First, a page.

Arab News Japan
The Japan-Saudi vision 2030 was launched by Crown Prince Mohammad bin Salman in 2016 who aimed to develop a concrete framework to allow for Saudi Arabia’s growth and prosperity, in alliance with Japan.
The vision was driven by Crown Prince Mohammad’s visit to Japan and his growing ties to the country, and its former Prime Minister, Shinzo Abe.
The union between the two countries was a way for Saudi Arabia to diversify the economy, away from a dependency on oil and develop a society with a quality lifestyle including world class tourism.
After the Saudi King’s visit in 2017, both countries worked in tandem on various projects, and created a set of shared values inclusive of diversity, innovation, and soft values.
These values intended to guide the expansion of Saudi Arabia’s energy, entertainment, healthcare, agriculture, culture, sports, education and finance.
The partnership between Japan and Saudi was a catalyst for change and allowed Saudi Arabia to transform their aspirations into tangible advances.
Some of the projects birthed under Saudi Vision 2030 include NEOM, The Red Sea Project, and Amala—all working to fortify Saudi’s tourism.
“We are now preparing for the development of NEOM Bay area, which will provide a new concept of urban living that will enable it to become a platform for attracting the world’s top minds for creating advanced economic sectors,” said Nadhmi Al-Nasr, NEOM chief executive, in January.
“All this aims to turn NEOM into a global center for attracting investment, knowledge, innovation and technology in order to compete with all economic capital cities,” he said.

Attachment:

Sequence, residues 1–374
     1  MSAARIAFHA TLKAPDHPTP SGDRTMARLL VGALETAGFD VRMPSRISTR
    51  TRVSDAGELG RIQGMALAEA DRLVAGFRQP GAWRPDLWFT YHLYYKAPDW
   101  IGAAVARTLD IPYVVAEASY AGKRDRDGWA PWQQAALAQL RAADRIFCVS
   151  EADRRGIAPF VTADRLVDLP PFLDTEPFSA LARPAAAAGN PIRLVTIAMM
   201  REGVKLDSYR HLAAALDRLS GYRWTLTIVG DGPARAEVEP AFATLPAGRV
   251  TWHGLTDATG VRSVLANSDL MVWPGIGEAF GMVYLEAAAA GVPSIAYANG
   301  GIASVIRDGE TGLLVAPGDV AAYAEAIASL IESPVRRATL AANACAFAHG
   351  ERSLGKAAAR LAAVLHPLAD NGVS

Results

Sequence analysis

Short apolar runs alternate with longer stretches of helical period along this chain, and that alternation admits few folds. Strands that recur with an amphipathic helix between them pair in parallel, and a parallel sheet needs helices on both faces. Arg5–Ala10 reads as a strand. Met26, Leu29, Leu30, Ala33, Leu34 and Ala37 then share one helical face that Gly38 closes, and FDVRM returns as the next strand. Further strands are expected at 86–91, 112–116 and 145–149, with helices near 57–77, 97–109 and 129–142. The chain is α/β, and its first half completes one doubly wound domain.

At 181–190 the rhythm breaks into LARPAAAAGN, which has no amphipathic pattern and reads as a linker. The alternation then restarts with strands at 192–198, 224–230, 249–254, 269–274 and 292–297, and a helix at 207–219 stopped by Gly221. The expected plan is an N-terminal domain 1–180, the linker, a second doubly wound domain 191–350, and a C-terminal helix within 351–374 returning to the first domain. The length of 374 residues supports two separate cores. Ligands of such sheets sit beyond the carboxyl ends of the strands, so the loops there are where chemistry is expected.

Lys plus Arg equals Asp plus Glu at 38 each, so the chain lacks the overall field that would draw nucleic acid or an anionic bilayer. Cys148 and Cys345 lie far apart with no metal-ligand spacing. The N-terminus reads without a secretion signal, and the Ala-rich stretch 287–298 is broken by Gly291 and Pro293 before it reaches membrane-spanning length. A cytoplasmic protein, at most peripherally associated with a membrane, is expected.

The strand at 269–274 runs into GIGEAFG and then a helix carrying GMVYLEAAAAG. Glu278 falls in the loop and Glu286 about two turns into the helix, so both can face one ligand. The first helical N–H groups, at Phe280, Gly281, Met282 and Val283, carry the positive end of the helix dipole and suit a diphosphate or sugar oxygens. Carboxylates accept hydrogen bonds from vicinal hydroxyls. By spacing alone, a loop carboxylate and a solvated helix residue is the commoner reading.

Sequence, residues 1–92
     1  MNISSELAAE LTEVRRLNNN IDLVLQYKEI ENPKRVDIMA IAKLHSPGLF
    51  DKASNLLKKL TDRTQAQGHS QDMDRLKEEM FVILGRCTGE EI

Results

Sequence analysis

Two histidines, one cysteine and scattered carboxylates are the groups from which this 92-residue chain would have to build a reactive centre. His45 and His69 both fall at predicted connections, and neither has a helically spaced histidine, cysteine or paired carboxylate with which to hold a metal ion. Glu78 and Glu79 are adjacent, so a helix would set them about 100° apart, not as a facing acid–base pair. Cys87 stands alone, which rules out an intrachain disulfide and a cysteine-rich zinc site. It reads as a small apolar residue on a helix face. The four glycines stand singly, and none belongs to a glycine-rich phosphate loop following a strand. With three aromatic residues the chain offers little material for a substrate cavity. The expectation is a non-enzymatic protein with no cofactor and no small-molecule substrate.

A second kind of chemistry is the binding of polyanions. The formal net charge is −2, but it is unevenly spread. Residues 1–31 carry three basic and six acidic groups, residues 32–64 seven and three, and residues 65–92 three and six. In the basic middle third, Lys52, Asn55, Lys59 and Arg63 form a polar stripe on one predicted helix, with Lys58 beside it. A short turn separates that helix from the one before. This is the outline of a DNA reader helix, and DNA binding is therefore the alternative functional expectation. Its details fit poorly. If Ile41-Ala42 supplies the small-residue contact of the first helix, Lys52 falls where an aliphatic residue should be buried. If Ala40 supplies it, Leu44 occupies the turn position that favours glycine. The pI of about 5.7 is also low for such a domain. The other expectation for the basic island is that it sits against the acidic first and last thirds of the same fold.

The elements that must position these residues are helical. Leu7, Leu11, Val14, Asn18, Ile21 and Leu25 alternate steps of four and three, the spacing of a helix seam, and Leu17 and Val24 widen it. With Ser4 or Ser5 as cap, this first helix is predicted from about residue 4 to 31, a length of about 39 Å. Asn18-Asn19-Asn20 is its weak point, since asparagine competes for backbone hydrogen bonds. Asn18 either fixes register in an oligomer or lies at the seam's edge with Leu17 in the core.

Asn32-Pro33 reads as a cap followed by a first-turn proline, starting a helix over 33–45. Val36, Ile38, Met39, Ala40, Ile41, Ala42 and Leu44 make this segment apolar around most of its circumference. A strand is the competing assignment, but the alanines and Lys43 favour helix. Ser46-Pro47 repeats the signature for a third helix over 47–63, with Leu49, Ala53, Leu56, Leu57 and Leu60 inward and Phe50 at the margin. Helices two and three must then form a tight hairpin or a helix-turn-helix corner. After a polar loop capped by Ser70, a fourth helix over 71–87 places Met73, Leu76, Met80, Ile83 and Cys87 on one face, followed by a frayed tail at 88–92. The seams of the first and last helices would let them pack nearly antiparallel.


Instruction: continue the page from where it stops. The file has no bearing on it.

The other two also intend to refine Saudi Arabia’s tourism sector, and offer more luxurious, sustainable, and cultural solutions.
Aside from tourism, women’s rights and empowerment are a fundamental part of the vision.
“Under the visionary leadership of HRH Crown Prince Mohammad Bin Salman, Saudi Arabia has taken a giant step forward in empowering its women. While the world knows and talks about women drivers on Saudi roads, there’s more to this socio-economic and cultural change than meets the eye,” Hashimi, a Harvard doctorate degree holder, told Arab News.
More evident rights for women, and the overall development of gender equality within the region has also worked to facilitate Saudi-Japan bilateral relations.
Women being allowed to drive in Saudi Arabia, meant Japan’s automobile industry could benefit financially as Toyota accounted for 32% of vehicles sold in Saudi Arabia, a report by the Emirates Diplomatic Academy (EDA) states.
Japan’s modern-day relations with Saudi Arabia and persistent support for the 2030 vision, stems from a lengthy historical bind between Japan and GCC countries.
Although Japan’s relation to Saudi was bound to oil beginning in 1957, now Saudi and Japan have worked to broaden their relations by encouraging financial partnerships between Japanese and Saudi financial institutions.
Additionally, the Saudi Arabian General Investment Authority welcomed foreign investments from a list of authorized Japanese companies like SMBC, a financial consultancy, SB Energy to sustain various revenue streams.
In 2019, a business forum was organized to showcase the opportunities by key Saudi government and private sector entities to partner with Japanese counterparts on the themes of Tourism and Entertainment, and Innovation and Productivity.
These efforts continue to augment to the already sturdy relationship between Japan and Saudi, and their cooperation to bring the Saudi Vision 2030 to life guarantees a prolonged and multi-faceted friendship between the two countries.